Sunday, April 13, 2008

Carbon Capture in Canada

My father just recently came back from Calgary, Canada and brought a newspaper home from a newspaper entitled "The Globe and Mail" (this newspaper claims to be "the most authoritative news in Canada"). One article that caught my attention was one entitled "TransAlta and Alstom sign Carbon Capture Deal."

The article explains how TransAlta Corp, a power generation and wholesale marketing company with customers in Canada, the US, Mexico, and Australia, has struck a deal with French power firm Alstom SA to implement carbon capture and storage (CCS) technologies onto an existing coal power plant in Alberta, Canada. The article further discusses how CCS technology is in its "infancy" and that "Calgary-based TransAlta won't actually start testing the Alstom technology - which involves cooling emissions through an ammonium carbonate solution before injecting them into the ground until 2012. If the technique is successful, however, the company could reduce its emissions from one coal power plant by one million tonnes a year."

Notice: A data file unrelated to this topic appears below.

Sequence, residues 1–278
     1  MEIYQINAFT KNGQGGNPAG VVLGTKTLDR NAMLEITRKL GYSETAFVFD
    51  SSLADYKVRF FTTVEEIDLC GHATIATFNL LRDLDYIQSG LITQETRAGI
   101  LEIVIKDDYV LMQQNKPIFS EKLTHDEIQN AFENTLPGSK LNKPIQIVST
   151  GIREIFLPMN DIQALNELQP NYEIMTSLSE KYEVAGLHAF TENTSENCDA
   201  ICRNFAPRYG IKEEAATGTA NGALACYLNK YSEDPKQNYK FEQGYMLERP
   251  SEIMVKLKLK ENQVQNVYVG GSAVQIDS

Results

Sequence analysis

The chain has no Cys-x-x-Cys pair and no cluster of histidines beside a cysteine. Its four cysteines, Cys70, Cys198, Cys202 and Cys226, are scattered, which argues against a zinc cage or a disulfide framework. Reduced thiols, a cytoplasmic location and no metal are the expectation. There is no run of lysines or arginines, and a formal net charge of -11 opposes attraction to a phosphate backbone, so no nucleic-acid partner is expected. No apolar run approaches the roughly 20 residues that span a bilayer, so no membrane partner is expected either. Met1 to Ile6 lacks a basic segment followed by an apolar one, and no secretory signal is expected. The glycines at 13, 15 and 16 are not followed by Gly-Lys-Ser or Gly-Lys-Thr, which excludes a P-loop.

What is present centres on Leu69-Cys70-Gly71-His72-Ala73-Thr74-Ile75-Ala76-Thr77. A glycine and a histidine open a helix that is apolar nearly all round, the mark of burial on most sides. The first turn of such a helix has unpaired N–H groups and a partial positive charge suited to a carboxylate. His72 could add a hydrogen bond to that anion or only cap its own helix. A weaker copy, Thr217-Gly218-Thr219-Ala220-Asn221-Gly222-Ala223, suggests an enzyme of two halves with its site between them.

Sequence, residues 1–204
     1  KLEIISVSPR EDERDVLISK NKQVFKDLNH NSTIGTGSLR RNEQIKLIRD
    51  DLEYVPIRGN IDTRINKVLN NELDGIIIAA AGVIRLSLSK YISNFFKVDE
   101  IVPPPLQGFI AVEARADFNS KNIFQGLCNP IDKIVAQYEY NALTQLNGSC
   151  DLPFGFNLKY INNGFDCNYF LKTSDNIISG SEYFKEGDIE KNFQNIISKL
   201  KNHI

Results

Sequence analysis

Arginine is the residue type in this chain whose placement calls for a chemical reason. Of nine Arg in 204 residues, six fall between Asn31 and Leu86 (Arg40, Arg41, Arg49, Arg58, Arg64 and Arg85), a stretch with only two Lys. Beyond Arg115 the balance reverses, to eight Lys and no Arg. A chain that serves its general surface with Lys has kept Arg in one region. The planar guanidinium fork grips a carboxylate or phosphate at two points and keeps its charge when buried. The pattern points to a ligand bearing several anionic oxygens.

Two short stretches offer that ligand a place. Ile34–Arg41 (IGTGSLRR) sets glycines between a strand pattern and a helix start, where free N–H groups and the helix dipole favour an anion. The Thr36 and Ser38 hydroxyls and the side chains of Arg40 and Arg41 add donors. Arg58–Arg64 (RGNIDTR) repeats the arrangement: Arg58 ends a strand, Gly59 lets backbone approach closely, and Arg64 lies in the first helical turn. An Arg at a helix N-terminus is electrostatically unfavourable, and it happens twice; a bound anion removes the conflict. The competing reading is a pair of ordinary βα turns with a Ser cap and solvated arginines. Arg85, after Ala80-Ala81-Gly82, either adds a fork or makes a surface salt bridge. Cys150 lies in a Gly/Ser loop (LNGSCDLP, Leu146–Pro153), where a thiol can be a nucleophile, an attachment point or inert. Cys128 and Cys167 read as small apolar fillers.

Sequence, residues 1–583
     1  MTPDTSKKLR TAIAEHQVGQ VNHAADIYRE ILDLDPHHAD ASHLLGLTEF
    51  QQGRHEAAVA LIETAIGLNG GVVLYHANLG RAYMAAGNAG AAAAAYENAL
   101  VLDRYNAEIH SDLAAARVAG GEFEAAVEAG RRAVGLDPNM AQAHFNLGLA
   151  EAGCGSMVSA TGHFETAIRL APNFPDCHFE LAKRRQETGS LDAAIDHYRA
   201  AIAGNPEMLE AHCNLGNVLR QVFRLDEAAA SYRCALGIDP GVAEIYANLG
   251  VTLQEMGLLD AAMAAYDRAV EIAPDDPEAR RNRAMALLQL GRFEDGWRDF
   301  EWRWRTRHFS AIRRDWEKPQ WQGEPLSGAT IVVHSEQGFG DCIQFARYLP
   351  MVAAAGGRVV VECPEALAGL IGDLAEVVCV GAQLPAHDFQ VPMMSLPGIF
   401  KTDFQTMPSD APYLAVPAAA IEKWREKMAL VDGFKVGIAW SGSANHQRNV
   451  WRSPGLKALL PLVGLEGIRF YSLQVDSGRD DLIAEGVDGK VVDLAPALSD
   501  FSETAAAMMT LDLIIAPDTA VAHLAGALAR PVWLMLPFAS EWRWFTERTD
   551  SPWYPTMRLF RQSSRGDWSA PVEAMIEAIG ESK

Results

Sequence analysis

Currently TransAlta produces 24 million tonnes of CO2 per year from its six coal-fired facilities. If CCS technology were implemented, as TransAlta has described, 25%less CO2 would be emitted.

Additionally, TransAlta chief executive officer Steve Snyder said in a statement, "Over the long term we believe CCS can be a source of competitive advantage for TransAlta and for Canada. These initial projects, however, are not commercially viable at this point and will not proceed without industry and government partnerships."

What really interested me in this article though, was that Alberta Premier Ed Stelmach has already promised the province that by 2020 the increasing greenhouse gas emissions rate will freeze and that by 2050 they will decrease by 14%. Imagine if we heard that by 2020 that Texas would reduce its emission by 50%!

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